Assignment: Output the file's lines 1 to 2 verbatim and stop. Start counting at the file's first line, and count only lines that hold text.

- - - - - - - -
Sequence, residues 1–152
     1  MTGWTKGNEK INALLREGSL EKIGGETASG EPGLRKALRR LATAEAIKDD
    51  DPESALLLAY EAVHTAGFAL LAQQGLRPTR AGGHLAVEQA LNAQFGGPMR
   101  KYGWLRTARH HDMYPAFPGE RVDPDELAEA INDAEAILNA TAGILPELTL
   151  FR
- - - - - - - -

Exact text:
Sequence, residues 1–152
     1  MTGWTKGNEK INALLREGSL EKIGGETASG EPGLRKALRR LATAEAIKDD